Those who found their behaviour impacted this summer by the record-breaking heatwave followed by weeks of wildfire smoke are not alone, according a northern BC entomologist.
Insects throughout the Cariboo would have likely been affected by the hotter than usual temperatures in the early summer weeks, followed by heavy smoke – but not necessarily in a negative way, said Dr. Lisa Poirier, of the Ecosystem Science and Management Program at the University of Northern British Columbia.
“Certainly, insects and insect behaviour is pretty much driven by temperature,” Poirier said. “With the warmer temperatures, a lot of things were more active, and there were probably some things that were less active, that went to ground because it was too hot.”
Poirier said certain insects that thrive in warm temperatures would have been more active during the heat wave and the summer months that followed. She received more reports of beetles and wasps than usual, she said, and a report of more dragonflies could also be due to the warmer temperatures.
“It might be that there was good food for them last year, so the larvae survived well,” Poirier explained.
“And definitely because dragonflies are aerial predators, they scoop up insects while they’re flying, and so warm temperatures are good for that fast flight.”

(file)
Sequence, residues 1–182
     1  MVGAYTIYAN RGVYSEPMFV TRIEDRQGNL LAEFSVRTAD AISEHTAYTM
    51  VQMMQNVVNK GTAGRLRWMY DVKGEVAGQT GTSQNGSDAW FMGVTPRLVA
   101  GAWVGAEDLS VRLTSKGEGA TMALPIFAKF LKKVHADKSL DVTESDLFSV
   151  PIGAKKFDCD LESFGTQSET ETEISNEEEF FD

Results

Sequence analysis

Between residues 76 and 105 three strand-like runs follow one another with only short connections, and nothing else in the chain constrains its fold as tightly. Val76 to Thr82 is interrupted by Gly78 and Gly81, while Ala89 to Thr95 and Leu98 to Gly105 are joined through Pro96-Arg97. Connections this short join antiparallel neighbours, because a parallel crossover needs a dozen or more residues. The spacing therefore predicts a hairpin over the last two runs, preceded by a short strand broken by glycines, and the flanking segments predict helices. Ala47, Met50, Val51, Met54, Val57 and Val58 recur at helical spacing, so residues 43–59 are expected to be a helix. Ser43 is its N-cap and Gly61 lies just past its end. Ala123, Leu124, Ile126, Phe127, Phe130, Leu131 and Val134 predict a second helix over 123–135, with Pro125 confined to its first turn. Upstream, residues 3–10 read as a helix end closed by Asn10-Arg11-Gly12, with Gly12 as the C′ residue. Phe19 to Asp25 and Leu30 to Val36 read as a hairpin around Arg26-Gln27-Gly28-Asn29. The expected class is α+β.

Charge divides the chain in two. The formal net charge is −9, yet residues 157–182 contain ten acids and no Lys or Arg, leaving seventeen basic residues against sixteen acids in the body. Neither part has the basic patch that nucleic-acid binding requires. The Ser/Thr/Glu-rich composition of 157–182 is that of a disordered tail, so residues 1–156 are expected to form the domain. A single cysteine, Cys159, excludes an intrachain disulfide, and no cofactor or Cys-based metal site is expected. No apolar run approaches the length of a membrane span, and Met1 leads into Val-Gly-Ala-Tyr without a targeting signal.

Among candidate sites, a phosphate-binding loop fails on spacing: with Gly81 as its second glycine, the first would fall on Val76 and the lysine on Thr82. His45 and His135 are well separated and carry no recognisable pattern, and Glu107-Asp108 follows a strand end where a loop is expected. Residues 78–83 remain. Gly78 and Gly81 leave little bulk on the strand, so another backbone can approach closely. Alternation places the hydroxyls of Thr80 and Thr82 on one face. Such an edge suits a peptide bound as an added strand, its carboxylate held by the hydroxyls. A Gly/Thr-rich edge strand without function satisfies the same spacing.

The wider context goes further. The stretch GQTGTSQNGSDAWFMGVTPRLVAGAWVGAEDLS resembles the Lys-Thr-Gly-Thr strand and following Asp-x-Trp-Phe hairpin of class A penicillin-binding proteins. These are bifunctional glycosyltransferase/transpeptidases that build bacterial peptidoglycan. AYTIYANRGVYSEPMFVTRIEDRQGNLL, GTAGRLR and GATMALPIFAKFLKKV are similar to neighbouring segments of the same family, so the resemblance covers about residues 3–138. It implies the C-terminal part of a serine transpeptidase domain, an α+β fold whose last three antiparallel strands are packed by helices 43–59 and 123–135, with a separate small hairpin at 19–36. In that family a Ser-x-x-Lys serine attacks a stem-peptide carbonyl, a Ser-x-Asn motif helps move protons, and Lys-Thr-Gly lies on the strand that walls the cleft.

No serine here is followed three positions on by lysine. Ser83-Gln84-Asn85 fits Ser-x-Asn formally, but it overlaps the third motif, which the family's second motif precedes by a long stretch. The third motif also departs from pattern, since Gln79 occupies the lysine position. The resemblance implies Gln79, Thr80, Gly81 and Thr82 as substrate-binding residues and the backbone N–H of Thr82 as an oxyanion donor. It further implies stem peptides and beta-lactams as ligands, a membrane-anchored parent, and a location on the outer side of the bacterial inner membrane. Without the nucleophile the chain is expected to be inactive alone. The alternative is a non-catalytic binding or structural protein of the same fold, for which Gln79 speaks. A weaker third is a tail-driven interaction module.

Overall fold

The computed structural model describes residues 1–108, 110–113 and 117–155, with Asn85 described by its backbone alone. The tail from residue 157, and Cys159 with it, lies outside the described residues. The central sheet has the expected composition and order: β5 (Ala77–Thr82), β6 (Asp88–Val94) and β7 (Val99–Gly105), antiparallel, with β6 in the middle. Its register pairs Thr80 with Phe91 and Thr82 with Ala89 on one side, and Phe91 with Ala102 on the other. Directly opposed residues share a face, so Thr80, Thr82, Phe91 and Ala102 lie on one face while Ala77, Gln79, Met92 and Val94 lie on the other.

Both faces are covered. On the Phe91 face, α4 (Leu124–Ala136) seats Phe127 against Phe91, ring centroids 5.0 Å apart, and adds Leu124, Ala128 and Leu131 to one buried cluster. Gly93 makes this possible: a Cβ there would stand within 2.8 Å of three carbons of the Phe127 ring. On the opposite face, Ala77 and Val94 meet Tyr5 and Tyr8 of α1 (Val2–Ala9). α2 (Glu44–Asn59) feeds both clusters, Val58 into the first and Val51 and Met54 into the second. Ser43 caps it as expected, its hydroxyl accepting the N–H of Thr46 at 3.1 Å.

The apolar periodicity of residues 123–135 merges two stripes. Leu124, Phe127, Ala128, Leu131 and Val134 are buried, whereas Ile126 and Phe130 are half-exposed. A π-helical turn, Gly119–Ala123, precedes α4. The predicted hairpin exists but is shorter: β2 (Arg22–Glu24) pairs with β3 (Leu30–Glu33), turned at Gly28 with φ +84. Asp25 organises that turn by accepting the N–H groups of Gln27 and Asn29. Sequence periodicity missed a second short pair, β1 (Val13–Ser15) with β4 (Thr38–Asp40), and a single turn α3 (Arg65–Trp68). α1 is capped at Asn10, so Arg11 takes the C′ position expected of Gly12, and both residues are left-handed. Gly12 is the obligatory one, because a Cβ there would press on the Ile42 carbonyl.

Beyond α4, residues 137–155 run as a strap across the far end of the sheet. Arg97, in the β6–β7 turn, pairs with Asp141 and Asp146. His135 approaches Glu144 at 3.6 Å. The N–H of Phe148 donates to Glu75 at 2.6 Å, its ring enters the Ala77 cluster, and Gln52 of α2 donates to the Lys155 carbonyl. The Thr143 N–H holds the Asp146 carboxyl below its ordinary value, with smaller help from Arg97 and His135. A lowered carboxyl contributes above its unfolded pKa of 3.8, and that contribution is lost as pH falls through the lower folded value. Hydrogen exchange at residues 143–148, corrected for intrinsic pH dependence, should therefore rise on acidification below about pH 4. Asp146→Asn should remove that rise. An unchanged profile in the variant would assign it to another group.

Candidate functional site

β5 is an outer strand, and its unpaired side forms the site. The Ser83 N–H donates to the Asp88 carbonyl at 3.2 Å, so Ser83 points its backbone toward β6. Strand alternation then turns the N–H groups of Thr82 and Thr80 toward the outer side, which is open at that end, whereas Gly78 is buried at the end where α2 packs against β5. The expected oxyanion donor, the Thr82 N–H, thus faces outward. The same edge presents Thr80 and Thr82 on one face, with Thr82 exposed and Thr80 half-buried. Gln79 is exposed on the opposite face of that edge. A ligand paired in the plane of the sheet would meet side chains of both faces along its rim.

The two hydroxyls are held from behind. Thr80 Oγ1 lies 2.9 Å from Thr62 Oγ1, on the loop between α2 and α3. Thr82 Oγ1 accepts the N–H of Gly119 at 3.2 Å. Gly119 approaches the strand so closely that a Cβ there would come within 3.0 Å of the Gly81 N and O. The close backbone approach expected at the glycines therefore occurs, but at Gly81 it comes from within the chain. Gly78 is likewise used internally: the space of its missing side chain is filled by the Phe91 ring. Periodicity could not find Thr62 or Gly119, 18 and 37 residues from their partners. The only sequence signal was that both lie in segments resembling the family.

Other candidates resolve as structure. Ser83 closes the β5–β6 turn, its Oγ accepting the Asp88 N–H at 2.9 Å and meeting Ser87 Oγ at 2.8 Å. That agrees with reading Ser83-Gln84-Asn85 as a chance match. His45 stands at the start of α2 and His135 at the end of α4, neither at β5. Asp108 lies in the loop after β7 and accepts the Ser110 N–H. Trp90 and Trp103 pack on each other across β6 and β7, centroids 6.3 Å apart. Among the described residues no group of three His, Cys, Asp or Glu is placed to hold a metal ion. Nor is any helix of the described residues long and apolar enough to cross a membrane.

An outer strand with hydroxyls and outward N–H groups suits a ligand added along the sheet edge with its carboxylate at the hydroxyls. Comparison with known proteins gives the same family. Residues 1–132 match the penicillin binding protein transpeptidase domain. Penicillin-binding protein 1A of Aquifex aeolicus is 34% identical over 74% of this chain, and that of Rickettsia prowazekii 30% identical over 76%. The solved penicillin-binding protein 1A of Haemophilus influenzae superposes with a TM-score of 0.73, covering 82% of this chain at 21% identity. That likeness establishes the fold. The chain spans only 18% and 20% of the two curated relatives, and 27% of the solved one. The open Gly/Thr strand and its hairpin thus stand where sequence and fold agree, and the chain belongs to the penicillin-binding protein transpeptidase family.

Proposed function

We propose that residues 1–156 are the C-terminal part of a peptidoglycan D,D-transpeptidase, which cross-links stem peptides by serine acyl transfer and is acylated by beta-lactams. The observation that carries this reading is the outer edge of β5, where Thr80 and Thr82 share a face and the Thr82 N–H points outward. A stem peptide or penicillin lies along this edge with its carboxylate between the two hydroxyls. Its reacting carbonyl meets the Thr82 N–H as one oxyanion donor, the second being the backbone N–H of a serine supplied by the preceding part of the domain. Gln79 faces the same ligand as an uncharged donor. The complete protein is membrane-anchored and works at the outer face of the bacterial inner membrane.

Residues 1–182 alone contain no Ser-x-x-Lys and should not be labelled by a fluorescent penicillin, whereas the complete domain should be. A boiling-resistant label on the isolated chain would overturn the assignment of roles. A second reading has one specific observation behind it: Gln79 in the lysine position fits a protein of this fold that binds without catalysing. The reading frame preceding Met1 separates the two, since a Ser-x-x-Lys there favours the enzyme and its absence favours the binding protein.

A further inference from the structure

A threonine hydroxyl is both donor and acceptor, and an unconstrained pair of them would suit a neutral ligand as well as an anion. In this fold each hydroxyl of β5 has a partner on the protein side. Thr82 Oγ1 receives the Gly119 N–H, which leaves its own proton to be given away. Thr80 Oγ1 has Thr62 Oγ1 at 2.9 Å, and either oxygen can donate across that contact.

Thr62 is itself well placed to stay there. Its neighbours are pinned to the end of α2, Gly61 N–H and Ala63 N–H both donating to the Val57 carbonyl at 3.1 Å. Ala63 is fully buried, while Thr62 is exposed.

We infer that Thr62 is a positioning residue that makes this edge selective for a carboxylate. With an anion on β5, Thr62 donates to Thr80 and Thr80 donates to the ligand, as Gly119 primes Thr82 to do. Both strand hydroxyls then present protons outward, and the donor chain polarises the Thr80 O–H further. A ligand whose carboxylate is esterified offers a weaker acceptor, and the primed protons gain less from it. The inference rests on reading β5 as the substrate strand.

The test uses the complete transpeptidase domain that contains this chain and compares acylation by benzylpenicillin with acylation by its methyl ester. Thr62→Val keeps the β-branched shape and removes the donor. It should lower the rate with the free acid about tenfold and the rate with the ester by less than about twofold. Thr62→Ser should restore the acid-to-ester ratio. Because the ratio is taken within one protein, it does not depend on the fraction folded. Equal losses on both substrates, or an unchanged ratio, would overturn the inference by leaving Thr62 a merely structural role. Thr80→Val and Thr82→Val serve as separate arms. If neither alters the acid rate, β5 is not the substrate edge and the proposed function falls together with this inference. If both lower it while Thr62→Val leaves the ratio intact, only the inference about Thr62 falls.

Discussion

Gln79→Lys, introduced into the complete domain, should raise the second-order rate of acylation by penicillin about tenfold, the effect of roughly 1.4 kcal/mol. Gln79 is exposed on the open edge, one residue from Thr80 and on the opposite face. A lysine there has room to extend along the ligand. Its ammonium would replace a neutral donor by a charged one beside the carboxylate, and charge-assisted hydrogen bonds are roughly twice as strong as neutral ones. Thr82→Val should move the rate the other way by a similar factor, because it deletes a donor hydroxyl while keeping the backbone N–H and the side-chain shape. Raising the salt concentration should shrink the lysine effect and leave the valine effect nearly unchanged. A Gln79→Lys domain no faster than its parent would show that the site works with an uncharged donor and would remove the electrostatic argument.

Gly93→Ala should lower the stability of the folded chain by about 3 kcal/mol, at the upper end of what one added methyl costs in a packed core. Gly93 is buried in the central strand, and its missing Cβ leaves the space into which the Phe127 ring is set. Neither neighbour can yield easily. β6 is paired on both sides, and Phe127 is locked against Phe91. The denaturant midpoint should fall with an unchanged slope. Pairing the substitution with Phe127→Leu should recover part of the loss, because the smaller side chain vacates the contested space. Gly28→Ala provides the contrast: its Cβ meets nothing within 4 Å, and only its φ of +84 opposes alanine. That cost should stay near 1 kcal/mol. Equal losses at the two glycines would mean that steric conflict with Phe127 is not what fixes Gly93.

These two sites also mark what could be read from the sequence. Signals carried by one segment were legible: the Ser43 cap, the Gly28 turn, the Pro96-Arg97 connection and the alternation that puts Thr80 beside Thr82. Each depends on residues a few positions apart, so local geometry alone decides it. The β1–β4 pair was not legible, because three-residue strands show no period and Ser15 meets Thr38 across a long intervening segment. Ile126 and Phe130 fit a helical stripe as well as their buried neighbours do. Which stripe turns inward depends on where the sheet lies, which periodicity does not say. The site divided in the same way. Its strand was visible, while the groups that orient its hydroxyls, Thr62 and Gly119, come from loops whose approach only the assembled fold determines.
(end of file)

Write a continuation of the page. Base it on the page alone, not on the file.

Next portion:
Poirier also pointed out that while it may appear that certain insect populations are booming, that’s not always the case.
“A lot of things were more active this summer and therefore much more visible. They’re out at the same times we are, but it’s not necessarily in higher populations,” she said.
The wildfire smoke that blanketed the region for several weeks in July and August would have likely had a detrimental effect on many insects, Poirier said.
She said as intense wildfire seasons become more commonplace in B.C., some in her field are undertaking “increasingly interesting research” as to the impact of smoke on insect behaviour and populations.
Bees are one particular area of interest when it comes to the impact of smoke, she said, noting their activity levels tend to visibly drop during the worst conditions.
“We don’t see bees at flowers on heavy smoke days,” she said. “There’s speculation that the smoke particles are perhaps getting into their breathing tubes and irritating them so they stay grounded. But bees also see their way around, they use ultra-violet and polarized light. But they can’t do that if the sunlight is obscured, it becomes very hard for them to navigate.”
Smoke can also interfere with many insects’ ability to smell their “hosts,” Poirier said, likening their reaction to how many Cariboo residents were forced to close up all their windows and hide inside on the worst days.
“Insects were probably doing the same thing,” she said.
The impacts of wildfires on insects aren’t all bad, however. Poirier pointed out that in areas that didn’t burn too hot, the floral regrowth that occurs afterwards can provide a “real boost to the food source” for many insects.
“A not-too-hot wildfire can actually improve the habitat for many pollinators.”